Canada’s awkward AUKUS situation

A new report co-authored by former national security advisor Vincent Rigby found that not only did Canada’s allies leave it out of the AUKUS security pact, they never sent an invite.  

Catch up: In 2021, Australia, the UK, and the US formed AUKUS, a nice ‘lil security pact in the hot-button Indo-Pacific region. 

  • One of its two main pillars includes being very into submarines—and not the yellow ones, but the nuclear-powered ones.
  • Canada’s invitation got lost in the mail because its aspirations to operate a fleet of nuclear subs fell short of AUKUS ambitions.

Why it matters: According to Rigby, this cold shoulder “speaks volumes about the way Canada is perceived by its allies... that we're not necessarily seen as a significant player on the international stage.” The report also urges Canada to put together a bid to join AUKUS, especially as Russia makes overtures in the Arctic and China meddles in domestic affairs.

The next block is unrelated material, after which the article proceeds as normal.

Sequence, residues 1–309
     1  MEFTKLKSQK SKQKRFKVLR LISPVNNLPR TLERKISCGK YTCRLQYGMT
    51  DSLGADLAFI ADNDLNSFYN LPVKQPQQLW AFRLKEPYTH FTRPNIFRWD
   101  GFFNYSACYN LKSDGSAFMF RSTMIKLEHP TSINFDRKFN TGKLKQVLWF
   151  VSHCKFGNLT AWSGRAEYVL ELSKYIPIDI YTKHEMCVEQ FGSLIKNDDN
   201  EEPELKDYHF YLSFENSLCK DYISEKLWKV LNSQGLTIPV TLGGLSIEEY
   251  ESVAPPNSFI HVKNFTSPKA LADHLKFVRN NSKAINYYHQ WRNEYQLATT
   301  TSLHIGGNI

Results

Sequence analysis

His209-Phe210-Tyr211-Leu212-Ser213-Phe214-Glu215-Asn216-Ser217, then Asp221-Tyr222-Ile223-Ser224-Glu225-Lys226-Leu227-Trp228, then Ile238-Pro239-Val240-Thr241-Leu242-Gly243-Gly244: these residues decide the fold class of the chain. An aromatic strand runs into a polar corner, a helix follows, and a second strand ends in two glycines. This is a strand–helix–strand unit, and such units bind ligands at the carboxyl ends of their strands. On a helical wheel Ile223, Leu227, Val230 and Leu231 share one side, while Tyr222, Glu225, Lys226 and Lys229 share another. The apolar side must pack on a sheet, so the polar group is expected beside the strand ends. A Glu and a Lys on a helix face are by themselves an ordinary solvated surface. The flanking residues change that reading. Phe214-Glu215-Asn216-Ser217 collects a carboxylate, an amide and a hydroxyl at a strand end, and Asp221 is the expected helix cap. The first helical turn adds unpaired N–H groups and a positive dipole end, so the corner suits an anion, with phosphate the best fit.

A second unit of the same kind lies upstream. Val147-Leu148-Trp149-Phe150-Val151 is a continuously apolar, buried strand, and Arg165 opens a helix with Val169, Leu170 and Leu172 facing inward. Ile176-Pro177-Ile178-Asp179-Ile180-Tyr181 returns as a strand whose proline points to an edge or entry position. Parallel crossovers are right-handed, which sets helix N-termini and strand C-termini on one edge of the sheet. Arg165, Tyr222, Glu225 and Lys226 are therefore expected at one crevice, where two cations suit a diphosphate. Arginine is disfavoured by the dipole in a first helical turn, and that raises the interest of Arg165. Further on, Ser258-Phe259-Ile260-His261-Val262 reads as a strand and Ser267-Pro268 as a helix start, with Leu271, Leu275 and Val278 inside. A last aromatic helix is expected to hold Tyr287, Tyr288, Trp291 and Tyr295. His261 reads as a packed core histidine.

Yes, but: Without nuclear subs, Canada would have to join AUKUS on the basis of its other pillar, the transfer of military technology and intelligence. Canada has been criticized for its lack of investment in military technology, but reportedly has still inquired about joining the pact—a development Defence Minister Anita Anand has neither confirmed nor denied

Bottom line: Whether or not Canada joins AUKUS, there is growing pressure on the country to ramp up defence spending and increase its cooperation with allies.—QH